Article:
Friday, July 18, 2008

John McCain: Bluster More Important Than Results

As evidenced by the firestorm over General Clark's comments suggesting that military service alone doesn't classify one to be President - seemingly a self-evident truth, but you wouldn't know it from the response - the presumption that McCain's time in the Hanoi Hilton somehow mitigates the fact that he has demonstrated a distinct lack of basic comprehension in the foreign policy arena persists. Like George Bush, McCain substitutes a qualitative, fundamental understanding of the real world for a fantasy world full of bluster and posturing, all the while given a pass by the media and the public.

In a country which sought an actual examination of proposals and results on the campaign trail, this errant nature would be seen for what it is and discarded hastily. But in the world of the low-information voter, Americans are blinded by the uniformed past and ignore the disastrous results of McCain's ideas when acted upon.

McCain constantly demonstrates his dearth of knowledge by conflating al Qaeda with every source of resistance and continually suggesting that Iran's influence is entirely unwanted and consigned only to America's enemies. The reality is well-documented and provides a stark contrast to McCain's rhetoric.

As I said while examining Obama's proposals for Afghanistan, the Surge has become a red herring in the discussion of Iraq, used as a way of directing attention away from the first four years of the war and focusing it on a short period where violence began to return to a point still obscene and still of US origin. By pointing to the Surge, McCain and his allies have effectively eliminated any and all discussion of the initial tragedy of the decision to invade Iraq. Now McCain and the White House are trying to parlay that tactical and PR success into a winning argument concerning Afghanistan.

Only when given the free pass on foreign policy that McCain is because of his previous service could he avoid the obvious question that should follow his recent proposal to send more troops to Afghanistan: Where have you been? While everyone else has been screaming from the mountaintops that the situation is swiftly deteriorating, McCain has remained silent, merely repeating his call to stay in Iraq until victory arrived. And because he never defined what that meant, he was able to declare just that on Thursday.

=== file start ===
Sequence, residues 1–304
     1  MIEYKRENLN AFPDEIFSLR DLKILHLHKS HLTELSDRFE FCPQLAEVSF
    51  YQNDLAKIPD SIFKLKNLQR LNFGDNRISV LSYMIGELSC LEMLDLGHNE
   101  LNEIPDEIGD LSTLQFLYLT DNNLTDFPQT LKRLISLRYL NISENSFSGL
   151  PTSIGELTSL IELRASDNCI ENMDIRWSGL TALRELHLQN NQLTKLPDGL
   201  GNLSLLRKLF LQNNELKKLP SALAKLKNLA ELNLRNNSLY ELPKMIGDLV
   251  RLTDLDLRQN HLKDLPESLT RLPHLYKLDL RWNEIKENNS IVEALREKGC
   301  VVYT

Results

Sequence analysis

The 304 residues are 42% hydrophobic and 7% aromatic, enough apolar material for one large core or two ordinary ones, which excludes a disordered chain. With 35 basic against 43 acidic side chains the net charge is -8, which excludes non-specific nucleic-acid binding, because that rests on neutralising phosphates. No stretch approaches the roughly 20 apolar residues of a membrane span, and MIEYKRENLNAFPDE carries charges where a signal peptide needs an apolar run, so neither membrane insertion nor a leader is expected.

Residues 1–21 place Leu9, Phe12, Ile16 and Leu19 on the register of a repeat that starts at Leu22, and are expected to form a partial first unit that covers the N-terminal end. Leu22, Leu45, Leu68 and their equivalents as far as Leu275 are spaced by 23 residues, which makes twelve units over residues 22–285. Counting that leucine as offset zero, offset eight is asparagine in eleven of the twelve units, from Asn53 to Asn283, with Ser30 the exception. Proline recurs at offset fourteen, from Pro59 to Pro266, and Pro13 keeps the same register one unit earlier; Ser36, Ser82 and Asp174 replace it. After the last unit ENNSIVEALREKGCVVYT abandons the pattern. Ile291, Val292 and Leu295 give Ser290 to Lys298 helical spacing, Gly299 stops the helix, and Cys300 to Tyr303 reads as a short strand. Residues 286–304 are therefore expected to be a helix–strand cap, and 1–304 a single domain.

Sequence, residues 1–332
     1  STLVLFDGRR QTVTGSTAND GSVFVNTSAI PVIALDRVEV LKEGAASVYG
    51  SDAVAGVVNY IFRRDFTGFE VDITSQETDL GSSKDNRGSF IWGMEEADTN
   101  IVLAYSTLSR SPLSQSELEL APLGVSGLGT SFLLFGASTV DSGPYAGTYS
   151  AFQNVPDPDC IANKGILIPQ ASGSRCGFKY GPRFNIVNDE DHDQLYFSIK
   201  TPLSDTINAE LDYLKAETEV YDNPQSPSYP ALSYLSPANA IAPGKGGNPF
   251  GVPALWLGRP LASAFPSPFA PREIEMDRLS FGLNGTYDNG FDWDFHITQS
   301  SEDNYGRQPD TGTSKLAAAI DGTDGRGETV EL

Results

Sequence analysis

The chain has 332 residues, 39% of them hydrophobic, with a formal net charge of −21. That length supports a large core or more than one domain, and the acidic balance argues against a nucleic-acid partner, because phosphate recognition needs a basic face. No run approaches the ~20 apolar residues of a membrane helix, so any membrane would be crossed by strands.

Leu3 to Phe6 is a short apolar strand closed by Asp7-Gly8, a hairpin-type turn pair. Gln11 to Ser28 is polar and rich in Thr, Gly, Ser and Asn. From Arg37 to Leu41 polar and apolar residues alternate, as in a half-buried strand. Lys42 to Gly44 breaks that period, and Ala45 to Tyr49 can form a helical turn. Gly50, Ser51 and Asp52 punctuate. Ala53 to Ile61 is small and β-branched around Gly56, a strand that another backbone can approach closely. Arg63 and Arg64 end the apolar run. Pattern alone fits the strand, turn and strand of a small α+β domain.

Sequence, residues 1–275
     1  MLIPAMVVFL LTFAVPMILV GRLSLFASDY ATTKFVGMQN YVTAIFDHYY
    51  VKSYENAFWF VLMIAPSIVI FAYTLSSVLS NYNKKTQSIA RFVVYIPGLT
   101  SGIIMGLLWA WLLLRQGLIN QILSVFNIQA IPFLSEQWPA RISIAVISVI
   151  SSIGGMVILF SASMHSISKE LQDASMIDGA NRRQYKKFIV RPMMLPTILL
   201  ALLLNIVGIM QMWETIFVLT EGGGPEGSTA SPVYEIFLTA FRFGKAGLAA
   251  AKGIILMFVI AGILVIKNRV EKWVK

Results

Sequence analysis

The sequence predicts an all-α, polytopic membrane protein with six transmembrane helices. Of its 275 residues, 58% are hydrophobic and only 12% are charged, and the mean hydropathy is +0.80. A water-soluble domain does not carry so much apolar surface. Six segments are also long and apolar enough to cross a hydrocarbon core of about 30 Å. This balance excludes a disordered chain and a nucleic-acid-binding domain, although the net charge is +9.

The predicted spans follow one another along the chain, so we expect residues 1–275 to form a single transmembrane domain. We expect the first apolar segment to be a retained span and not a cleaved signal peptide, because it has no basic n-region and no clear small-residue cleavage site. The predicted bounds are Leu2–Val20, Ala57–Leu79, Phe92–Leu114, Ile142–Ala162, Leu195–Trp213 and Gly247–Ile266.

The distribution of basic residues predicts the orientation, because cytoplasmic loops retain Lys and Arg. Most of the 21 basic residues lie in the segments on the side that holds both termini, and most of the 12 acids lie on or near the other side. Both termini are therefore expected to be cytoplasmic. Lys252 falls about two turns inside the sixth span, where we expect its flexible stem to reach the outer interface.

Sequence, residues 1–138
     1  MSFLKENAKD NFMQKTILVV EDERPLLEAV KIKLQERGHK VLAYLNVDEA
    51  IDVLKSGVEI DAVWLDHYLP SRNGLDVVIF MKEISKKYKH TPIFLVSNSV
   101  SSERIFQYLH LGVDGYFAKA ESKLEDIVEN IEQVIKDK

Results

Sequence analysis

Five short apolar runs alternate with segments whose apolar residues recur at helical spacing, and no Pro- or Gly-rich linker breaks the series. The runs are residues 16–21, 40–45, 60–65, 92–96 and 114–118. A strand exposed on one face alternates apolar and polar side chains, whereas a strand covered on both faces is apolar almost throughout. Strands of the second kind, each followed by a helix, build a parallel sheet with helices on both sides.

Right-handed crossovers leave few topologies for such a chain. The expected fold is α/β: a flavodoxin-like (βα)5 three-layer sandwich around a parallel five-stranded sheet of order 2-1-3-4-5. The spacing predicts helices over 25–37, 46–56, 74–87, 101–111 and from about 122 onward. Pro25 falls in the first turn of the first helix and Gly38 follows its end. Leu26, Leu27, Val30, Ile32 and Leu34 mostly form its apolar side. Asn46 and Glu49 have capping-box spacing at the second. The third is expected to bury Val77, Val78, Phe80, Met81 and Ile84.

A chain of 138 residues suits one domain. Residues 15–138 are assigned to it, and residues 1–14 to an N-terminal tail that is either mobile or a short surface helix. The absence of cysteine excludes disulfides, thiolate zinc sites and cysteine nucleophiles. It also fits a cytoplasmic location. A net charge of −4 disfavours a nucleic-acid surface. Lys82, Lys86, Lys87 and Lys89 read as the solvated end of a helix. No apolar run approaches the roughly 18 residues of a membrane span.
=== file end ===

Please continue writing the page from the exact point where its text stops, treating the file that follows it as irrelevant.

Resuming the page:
I repeat my statement that we have succeeded in Iraq. Not we are succeeding. We have succeeded in Iraq.

This of course allows him to justify paying a little bit of attention to Afghanistan, as everyone has been pleading for months while he fiddled. But McCain's hands are far from clean on the narco state. When it was suggested in 2003 that Iraq might present a distraction - which it clearly has - McCain simply said that the US could "muddle through Afghanistan." Well, the returns are in on that "muddling," and they aren't pretty. Again, in a reality-based world, this blatant lack of foresight, in tandem with his marginalization of those who were actually correct in their assessment, would be met with real consequences. But McCain bears the scarlet 'R,' so that possibility is out.

McCain is allowed to keep perpetrating his shtick, saying he "knows how to win wars," despite all evidence proving precisely the opposite.

Although he chastises Obama for not "having a strategy," McCain offers up a strategy that points yet again to his complete failure to properly assess even the most apparent realities of the foreign policy arena. His strategy calls for an increase in the size of the Afghan military funded by other countries. This plan ignores entirely the fact that other countries have abandoned the Afghanistan effort precisely because of the Iraq War, a war that McCain has championed since the Nineties. He has also called for more NATO troops, again disregarding Robert Gates' trip earlier this year in search of just that which came up empty.

McCain also promised to capture Osama bin Laden, which is odd given his statement in 2002 on Face the Nation that bin Laden's capture wasn't "that important."

To suggest that McCain's foreign policy proposals should be examined on their merits rather than his past sporting of a uniform is not a denigration of service in general. It is a rational approach to campaign procedure which implies that the results of one's ideas should have at least some bearing on one's reputation. If that were the case, McCain's reputation in the foreign arena would be irreparably damaged, as he has shown with tremendous clarity at every juncture of the Bush years to be completely void of even a fundamental understanding of the real world. In a world governed by results rather than bluster, the fact that those who disagreed with McCain have be proven right at nearly every turn would begin to wear on the man's political stature.

But as it stands, facts have taken a back seat to conventional wisdom. It doesn't matter how many times McCain's policies prove to be an utter failure, he'll still have an 'R' next to his name, and in America that means never having to admit errors, even as they continuously knock you between the eyes.


Surge II: Afghanistan, July 15
Calling Their Shots, March 20
Changing the Rules of the Game, April 1
Fences Make Good Neighbors, April 11

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